AI: Artificial Intelligence
Who will be in charge of whom? How will we decide whether decisions taken by
machines are morally good or bad? These are questions Steven Spielberg raises,
but does not really come to grips with in AI: Artificial Intelligence.
Movies have long dealt with the humanization of machines and the mechanization
of humans. Fritz Lang's seminal Metropolis (1927) brought us the robot Maria,
who assumes human form and leads the working classes into revolt against "the
thinkers." In Demon Seed (1977), Julie Christie tries (and fails) to avoid
becoming the surrogate mother of an intelligent computer that becomes driven
by its desire to procreate. Now, in AI: Artificial Intelligence (directed by
Steven Spielberg; starring Haley Joel Osment, Jude Law), Spielberg
investigates the concept of thinking robots at a higher level, but only
glances at it. Haley Joel Osment is hypnotic as David, who, we are told, is an
11-year-old boy whose love is real, although he himself is not. Robot David is
given to a couple whose real son is cryogenically frozen after being comatose,
and once the unique code words are said to David by his would-be mother, David
loves his mother without condition. But all goes awry when the real son
miraculously awakens, comes home, and rejects David, eventually forcing his
adoptive mother to dump him in the woods, unwittingly into the care of a robot
male prostitute (Jude Law with a wax finish). With Pinocchio in mind, this
unlikely synthetic pair heads off to search for the Blue Fairy, who can make
David, and hopefully his love for Mommy, real.
AI calls to mind Searle's Chinese Room argument.
>From a scientific perspective, the film raised, but did not really get to
grips with, the notion of artificial consciousness. This operated at several
levels in the film: there was Teddy, the apparently indestructible supertoy,
who gradually revealed more and more unbelievable abilities. An extra large
dollop of anthropomorphism is clumsily thrown in here, as well as cognitive
abilities so advanced in Teddy that David didn't seem to represent that much
of an advance - just the addition of a "love" subroutine. In many ways, AI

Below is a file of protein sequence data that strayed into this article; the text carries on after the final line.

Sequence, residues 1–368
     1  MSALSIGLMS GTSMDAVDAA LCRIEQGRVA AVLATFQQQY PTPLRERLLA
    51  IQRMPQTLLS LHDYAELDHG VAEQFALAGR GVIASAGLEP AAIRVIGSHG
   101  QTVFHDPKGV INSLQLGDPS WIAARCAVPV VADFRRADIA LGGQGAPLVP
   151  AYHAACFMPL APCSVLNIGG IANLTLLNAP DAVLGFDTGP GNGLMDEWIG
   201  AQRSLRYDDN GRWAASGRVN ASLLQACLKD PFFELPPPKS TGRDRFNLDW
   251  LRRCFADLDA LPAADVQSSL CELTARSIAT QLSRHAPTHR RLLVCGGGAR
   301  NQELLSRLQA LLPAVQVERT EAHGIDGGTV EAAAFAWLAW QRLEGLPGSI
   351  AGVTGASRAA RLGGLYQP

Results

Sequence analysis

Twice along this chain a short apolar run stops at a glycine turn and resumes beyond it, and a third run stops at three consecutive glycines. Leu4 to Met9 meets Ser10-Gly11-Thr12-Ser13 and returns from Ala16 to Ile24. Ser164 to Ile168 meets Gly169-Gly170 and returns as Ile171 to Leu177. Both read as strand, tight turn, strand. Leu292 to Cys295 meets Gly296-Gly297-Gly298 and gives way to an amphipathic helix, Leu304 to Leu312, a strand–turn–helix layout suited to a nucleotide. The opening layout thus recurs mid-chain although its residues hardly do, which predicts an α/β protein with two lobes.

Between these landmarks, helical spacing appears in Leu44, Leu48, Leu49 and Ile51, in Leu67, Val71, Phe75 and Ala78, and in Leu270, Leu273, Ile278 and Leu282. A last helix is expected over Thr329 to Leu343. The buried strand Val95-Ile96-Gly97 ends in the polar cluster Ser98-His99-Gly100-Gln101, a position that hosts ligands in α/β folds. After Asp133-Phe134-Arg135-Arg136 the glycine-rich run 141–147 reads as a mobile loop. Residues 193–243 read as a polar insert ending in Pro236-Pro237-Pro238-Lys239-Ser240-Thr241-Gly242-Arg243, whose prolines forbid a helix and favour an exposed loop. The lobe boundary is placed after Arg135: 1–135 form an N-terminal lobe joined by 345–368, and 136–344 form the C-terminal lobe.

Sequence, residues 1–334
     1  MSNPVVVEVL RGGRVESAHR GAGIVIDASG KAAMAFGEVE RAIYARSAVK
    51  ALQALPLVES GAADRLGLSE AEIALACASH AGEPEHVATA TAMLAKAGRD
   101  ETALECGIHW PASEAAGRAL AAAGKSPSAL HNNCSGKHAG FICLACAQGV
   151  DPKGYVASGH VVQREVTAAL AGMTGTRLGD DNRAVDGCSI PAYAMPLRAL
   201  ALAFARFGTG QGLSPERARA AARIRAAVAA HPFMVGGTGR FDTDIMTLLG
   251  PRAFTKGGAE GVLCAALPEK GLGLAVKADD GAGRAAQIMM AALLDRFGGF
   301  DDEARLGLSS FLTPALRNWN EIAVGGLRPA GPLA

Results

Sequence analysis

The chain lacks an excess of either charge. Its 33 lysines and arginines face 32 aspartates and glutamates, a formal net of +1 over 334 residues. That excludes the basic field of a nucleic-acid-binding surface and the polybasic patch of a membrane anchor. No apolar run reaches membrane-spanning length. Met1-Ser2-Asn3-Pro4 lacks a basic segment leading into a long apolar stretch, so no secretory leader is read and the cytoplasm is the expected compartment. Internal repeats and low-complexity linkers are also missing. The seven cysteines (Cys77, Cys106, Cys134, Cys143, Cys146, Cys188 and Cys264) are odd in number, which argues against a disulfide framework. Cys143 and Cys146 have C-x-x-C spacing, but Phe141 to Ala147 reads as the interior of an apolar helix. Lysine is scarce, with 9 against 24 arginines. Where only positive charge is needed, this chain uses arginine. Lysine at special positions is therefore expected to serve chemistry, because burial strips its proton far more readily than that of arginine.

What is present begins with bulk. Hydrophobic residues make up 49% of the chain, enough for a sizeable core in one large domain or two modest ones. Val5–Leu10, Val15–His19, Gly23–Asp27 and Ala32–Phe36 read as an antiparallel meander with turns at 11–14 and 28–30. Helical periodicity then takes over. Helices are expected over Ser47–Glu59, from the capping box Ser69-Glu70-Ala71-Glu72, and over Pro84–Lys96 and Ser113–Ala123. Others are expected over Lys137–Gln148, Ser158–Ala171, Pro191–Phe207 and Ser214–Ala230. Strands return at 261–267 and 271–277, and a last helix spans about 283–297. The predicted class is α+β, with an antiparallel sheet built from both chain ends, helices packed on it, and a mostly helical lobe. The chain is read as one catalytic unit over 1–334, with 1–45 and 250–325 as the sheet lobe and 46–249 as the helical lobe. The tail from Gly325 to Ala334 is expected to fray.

calls to mind Searle's Chinese Room argument: can you ask questions of David
that will allow you to distinguish whether he is robot or human? When he was
rejected by Mommy, David's reactions were indistinguishable from those of a
human child. Or, to pose the question in more emotive terms, how realistic
does a robot have to be before you become unwilling to switch it off at night?
In Blade Runner (1981), the question that sorted the men from the robots was
what they would do if they found an upturned tortoise in the desert. AI takes
a more subtle approach, but with ultimately the same outcome. The fact that
Mommy could not bring herself to take David back to the factory to be
dismantled indicates that she was, by this time, persuaded that he was more
than a mechanical object. Sophistication is direly lacking in the moral issues
raised in AI regarding artificial consciousness. There is the portrayal of
human resistance to all the other robots in the film, in scenes in which a
quasi-religious group aimed to "rid the earth of artificial life." Only
workers in the robot business would be sympathetic to their plight. But the
real questions here are, Who will be in charge of whom? How will we decide
whether decisions taken by machines are morally good or morally bad?
AI's future is heavy-handedly polar.
Spielberg picked up this story from Stanley Kubrick, who had been developing
it for some 18 years until his death in 1999. Unlikely bedfellows, Kubrick and
Spielberg allegedly collaborated on this project for several years. But
Kubrick's typically misanthropic vision is fully absent. AI's future is
heavy-handedly polar - good people live in an Ikea world, wooden, chrome, and
frosted glass: bad guys and robots occupy a kind of fiery neon heavy-metal
gig. Despite Kubrick's influence, Spielberg can't resist giving in to his
overwhelming fascination with schmaltz.
One of Kubrick's most enduring and popular characters was HAL, the
supercomputer from 2001: A Space Odyssey (1968), a film that dealt with the
evolution of consciousness. HAL displayed genuine artificial intelligence, so
much so, in fact, that his was the most rounded character in 2001, complete
with massive, murderous flaws. David is not as smart as HAL, and unfortunately
his love is not real. And this is the fundamental problem with AI. It asks us
to sympathize with a machine that has no understanding of why or how it has
emotional cognitive functions in the first place. David's artificially
intelligent traits are no different from those of Arnold Schwarzenegger's
cyborg assassin, Terminator: he learns, and copies human behavior and
emotions. Not many of us felt compassion for that killer.
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Useless hypotheses, etc.:
consciousness, phlogiston, philosophy, vitalism, mind, free will, qualia,
analog computing, cultural relativism, GAC, Cyc, Eliza, cryonics, individual
uniqueness, ego, human values, scientific relinquishment, malevolent AI
We move into a better future in proportion as science displaces superstition.
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